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                Author and article information

                Contributors
                Journal
                Front Oncol
                Front Oncol
                Front. Oncol.
                Frontiers in Oncology
                Frontiers Media S.A.
                2234-943X
                04 June 2021
                2021
                : 11
                : 665235
                Affiliations
                [1] 1 Department of Neurosurgery, Brain Tumor Center Amsterdam, Cancer Center Amsterdam, Amsterdam UMC, VU University Medical Center and Academic Medical Center , Amsterdam, Netherlands
                [2] 2 Medical Library , Vrije Universiteit, Amsterdam, Netherlands
                Author notes

                Edited by: Jose R. Pineda, University of the Basque Country, Spain

                Reviewed by: Lisa Shaw, University of Central Lancashire, United Kingdom; Juan Manuel Sepulveda Sanchez, University Hospital October 12, Spain

                *Correspondence: Myron G. Best, m.g.best@ 123456amsterdamumc.nl

                This article was submitted to Neuro-Oncology and Neurosurgical Oncology, a section of the journal Frontiers in Oncology

                Article
                10.3389/fonc.2021.665235
                8211985
                34150629
                23957b1f-bd3b-409d-bfaf-d7166ebcebfb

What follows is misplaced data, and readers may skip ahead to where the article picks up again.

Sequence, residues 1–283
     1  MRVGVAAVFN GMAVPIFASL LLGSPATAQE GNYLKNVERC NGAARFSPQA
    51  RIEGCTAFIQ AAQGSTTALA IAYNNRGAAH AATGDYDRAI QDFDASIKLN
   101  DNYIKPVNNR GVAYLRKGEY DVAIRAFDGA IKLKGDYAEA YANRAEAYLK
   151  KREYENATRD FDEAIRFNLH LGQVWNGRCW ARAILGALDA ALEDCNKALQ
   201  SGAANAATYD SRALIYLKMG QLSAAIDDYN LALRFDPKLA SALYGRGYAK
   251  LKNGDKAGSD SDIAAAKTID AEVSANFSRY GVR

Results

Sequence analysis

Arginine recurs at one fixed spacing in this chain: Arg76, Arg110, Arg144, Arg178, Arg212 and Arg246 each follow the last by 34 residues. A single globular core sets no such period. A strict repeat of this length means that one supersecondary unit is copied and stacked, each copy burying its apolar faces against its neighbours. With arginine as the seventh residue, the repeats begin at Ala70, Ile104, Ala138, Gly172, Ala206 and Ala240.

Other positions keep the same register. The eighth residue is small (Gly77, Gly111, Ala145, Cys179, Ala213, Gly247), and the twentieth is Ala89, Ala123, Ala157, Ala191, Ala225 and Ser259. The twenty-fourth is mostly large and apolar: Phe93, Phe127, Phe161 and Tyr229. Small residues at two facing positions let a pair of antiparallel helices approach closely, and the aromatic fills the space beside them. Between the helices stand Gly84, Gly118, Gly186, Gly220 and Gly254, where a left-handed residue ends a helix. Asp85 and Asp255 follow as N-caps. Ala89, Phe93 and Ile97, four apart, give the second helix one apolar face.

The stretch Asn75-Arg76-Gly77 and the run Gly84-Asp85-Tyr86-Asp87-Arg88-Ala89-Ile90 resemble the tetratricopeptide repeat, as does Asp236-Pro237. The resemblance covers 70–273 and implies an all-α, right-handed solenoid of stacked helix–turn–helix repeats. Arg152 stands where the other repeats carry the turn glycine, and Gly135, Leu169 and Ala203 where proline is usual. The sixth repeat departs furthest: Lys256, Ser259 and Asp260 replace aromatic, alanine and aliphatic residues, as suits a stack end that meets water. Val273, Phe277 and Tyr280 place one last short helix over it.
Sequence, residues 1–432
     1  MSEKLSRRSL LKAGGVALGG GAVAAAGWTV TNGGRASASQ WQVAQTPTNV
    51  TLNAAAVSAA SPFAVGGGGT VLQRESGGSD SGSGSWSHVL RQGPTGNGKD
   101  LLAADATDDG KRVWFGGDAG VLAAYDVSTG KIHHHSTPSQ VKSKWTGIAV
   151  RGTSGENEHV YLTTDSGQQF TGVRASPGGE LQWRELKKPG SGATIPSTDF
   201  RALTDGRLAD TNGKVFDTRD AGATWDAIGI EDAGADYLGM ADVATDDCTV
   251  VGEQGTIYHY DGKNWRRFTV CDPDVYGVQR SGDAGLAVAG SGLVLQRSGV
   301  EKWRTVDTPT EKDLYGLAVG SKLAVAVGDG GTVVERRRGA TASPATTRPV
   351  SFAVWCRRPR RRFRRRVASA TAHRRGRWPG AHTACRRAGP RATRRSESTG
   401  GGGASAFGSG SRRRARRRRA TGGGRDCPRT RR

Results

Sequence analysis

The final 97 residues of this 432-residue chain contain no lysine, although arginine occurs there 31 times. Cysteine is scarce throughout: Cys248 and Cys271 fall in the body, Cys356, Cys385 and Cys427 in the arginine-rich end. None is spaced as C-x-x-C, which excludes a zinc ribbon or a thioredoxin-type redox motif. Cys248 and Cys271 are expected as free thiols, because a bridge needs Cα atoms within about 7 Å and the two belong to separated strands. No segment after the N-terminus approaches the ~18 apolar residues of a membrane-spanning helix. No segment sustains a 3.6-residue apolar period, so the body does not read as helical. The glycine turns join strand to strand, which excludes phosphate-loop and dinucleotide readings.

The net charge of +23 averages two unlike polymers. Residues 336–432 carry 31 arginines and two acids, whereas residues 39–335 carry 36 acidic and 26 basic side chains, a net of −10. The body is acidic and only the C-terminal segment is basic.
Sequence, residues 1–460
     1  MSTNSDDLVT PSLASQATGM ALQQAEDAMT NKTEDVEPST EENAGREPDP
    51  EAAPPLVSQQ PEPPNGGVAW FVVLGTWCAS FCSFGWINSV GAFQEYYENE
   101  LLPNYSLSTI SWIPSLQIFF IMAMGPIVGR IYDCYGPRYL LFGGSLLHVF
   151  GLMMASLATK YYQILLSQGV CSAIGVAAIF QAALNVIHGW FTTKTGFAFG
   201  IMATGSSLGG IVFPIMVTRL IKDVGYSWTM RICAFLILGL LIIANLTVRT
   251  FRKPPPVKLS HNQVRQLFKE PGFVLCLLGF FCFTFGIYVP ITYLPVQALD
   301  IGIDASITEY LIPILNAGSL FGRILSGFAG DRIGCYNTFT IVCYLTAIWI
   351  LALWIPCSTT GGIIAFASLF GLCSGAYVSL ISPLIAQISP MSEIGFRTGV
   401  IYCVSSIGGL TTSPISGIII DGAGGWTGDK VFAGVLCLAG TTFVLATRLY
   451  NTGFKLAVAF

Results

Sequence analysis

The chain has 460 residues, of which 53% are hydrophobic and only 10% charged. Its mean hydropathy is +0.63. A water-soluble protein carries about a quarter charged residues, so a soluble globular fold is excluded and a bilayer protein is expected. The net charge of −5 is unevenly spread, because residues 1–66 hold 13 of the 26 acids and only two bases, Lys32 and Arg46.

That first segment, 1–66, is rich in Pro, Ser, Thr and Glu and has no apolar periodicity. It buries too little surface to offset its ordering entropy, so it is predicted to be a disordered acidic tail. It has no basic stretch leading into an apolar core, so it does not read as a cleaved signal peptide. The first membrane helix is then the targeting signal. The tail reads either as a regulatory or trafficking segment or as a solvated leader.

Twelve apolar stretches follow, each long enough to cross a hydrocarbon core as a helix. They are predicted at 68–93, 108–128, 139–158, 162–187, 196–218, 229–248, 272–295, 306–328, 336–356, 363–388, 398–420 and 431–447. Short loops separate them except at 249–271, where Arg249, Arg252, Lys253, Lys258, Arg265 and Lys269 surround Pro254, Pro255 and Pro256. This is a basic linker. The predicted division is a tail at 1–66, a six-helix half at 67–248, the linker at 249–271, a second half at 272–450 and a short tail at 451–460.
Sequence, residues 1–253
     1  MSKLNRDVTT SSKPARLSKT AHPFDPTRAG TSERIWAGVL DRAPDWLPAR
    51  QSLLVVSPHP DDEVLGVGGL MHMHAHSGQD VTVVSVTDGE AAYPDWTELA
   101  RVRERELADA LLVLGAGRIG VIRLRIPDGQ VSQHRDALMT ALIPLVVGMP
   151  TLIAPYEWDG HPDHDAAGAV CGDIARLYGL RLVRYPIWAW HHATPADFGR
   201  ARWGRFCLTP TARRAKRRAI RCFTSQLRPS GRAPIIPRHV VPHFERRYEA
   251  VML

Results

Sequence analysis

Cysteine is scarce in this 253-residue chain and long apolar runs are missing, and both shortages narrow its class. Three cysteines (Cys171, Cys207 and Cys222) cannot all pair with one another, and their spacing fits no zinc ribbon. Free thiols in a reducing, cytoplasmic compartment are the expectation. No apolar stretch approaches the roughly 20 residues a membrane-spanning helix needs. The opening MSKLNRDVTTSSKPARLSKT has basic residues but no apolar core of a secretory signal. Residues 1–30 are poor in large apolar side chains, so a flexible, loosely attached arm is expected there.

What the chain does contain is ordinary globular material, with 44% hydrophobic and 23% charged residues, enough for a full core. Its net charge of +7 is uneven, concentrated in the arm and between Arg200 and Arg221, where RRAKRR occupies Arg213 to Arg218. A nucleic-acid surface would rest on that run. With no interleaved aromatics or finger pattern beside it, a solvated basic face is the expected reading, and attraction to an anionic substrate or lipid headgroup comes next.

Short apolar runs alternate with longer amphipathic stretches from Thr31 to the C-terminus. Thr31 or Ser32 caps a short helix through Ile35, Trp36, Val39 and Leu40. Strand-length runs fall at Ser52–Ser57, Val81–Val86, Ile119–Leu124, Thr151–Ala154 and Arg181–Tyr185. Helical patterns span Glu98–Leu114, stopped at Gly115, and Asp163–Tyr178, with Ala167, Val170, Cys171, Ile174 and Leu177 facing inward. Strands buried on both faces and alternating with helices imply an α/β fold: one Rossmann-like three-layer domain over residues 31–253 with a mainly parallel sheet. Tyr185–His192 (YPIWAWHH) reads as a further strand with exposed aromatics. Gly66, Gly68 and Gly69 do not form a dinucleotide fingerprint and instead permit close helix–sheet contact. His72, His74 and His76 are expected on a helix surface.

Copyright © 2021 Ali, Harting, de Vries, Ali, Wurdinger and Best

                This is an open-access article distributed under the terms of the Creative Commons Attribution License (CC BY). The use, distribution or reproduction in other forums is permitted, provided the original author(s) and the copyright owner(s) are credited and that the original publication in this journal is cited, in accordance with accepted academic practice. No use, distribution or reproduction is permitted which does not comply with these terms.

                History
                : 07 February 2021
                : 18 May 2021
                Page count
                Figures: 4, Tables: 1, Equations: 0, References: 322, Pages: 23, Words: 10455
                Funding
                Funded by: Stichting STOPhersentumoren.nl 10.13039/501100014106
                Categories
                Oncology
                Systematic Review

                Oncology & Radiotherapy
                diagnostics,liquid biopsy,blood,glioblastoma,glioma
                Oncology & Radiotherapy
                diagnostics, liquid biopsy, blood, glioblastoma, glioma